Name: Shivaji Bhonsle (Chhatrapati Shivaji Maharaj)
Date of Birth: February 19, 1630
Birthplace: Shivneri Fort, Pune district, Maharashtra
Parents: Shahaji Bhonsle (Father) and Jijabai (Mother)
Spouse: Saibai, Soyarabai, Putalabai, Sakvarbai, Laxmibai, Kashibai
Children: Sambhaji, Rajaram, Sakhubai Nimbalkar, Ranubai Jadhav, Ambikabai Mahadik, Rajkumaribai Shirke
Death: April 3, 1680
Seat of Power: Raigad Fort, Maharashtra
Successor: Sambhaji Bhonsle
Shivaji Bhonsle: The Founder of the Maratha Empire
Chhatrapati Shivaji Maharaj, born on February 19, 1630, in the Shivneri Fort, Pune district, Maharashtra, was a remarkable historical figure known for founding the Maratha Empire in Western India. He is celebrated as one of the most formidable warriors of his era and is still remembered through folklore for his remarkable exploits.
Childhood & Early Life
Shivaji’s upbringing in Shivneri Fort was under the guidance of a council of ministers, including a Peshwa, a Mazumdar, a Sabnis, a Dabir, and a chief teacher. His mother, Jijabai, played a significant role in instilling in him a strong sense of ethics. At a young age, he displayed leadership qualities and had a deep understanding of the Sahayadri Mountains.
Struggles with Bijapur
In 1645, Shivaji began to assert control over strategic regions under the Bijapur Sultanate, leading to a clash with Mohammed Adil Shah, who ordered the imprisonment of Shivaji’s father, Shahaji, in 1648. Shivaji continued his conquests after Shahaji’s death in 1665 and engaged in battles against the Bijapur Sultanate. His strategic prowess led to victories, including the Battle of Pratapgarh and the Battle of Kolhapur.
Conflicts with the Mughals
Shivaji’s conflicts with the Mughals, particularly with Aurangzeb, began in 1657 when he raided and looted Mughal territories. This resulted in Aurangzeb directing Shaista Khan to subdue Shivaji, leading to a series of battles and confrontations. Eventually, a treaty was signed, but hostilities resumed in 1670, with Shivaji reclaiming most of his territories from the Mughals within four months.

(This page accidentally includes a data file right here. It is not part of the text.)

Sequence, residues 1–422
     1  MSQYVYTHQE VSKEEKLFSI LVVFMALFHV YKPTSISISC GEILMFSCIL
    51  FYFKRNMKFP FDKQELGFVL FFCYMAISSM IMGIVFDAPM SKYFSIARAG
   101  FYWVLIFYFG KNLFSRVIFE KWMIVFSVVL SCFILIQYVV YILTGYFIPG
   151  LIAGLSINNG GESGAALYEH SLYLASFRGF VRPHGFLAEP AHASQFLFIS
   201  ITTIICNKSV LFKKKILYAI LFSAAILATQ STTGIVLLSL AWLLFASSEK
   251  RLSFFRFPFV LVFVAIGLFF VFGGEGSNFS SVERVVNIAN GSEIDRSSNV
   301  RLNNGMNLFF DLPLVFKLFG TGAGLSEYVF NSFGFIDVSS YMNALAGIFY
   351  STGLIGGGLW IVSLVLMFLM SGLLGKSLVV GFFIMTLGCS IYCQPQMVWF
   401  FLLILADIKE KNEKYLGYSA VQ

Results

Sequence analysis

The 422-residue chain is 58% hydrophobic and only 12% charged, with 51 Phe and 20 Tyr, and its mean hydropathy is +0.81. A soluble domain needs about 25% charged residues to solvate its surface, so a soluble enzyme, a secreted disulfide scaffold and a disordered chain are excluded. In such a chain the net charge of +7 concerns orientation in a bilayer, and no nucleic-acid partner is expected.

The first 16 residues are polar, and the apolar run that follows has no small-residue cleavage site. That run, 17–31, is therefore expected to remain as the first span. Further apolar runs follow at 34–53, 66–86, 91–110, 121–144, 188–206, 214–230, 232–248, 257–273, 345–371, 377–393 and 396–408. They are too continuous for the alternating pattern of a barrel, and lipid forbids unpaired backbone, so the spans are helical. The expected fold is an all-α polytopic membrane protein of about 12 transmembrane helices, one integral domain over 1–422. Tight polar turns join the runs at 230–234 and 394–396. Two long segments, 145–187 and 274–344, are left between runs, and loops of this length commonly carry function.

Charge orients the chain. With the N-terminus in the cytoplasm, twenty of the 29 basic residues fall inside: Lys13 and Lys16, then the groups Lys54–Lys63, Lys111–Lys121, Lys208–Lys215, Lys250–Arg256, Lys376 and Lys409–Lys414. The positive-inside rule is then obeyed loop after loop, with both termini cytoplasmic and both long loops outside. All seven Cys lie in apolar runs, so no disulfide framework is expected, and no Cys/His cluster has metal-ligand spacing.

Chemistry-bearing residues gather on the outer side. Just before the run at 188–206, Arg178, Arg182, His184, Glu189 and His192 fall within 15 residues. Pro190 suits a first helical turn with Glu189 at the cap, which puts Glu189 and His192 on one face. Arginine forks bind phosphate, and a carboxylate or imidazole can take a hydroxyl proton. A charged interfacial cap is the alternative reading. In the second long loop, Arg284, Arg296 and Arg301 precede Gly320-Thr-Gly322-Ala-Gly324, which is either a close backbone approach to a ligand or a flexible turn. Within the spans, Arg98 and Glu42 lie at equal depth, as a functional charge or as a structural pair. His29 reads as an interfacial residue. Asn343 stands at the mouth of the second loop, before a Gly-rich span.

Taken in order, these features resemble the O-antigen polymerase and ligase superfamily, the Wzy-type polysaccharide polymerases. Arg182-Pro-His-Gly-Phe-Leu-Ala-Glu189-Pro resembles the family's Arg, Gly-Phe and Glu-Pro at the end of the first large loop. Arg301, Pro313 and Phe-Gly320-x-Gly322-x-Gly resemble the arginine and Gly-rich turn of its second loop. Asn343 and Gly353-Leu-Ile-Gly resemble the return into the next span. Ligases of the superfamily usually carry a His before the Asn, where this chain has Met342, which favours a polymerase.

Relationship with The English
Initially, Shivaji had a cordial relationship with the English. However, conflicts arose when the English supported the Bijapur Sultanate in a confrontation against him. These conflicts continued, leading to hostilities and the looting of English factories in Rajapur.
Coronation and Conquests
In 1674, Shivaji was crowned the King of Marathas at Raigad, marking the establishment of the first Hindu sovereignty in South India. He undertook aggressive conquests to consolidate Deccan states under Hindu rule, capturing various territories and forts.
Shivaji implemented a well-structured administration with himself as the supreme sovereign. Eight ministers oversaw various aspects, including general administration, finances, spiritual affairs, foreign policies, military, justice, record-keeping, and royal correspondence. He promoted the use of Marathi and Sanskrit and was known for his tolerance of all religions, opposition to caste discrimination, and introduction of the Ryotwari system to collect revenues directly from farmers.
Demise and Legacy
Shivaji passed away on April 3, 1680, at the Raigad Fort. His death led to a succession dispute between his son Sambhaji and his third wife, Soyrabai, which had lasting consequences on the Maratha Empire. Despite challenges, the Maratha glory was later reclaimed by leaders like Madhavrao Peshwa, who restored Maratha authority over North India.
Chhatrapati Shivaji Maharaj’s legacy as a visionary leader, brilliant military strategist, and administrator endures, making him a revered figure in Indian history.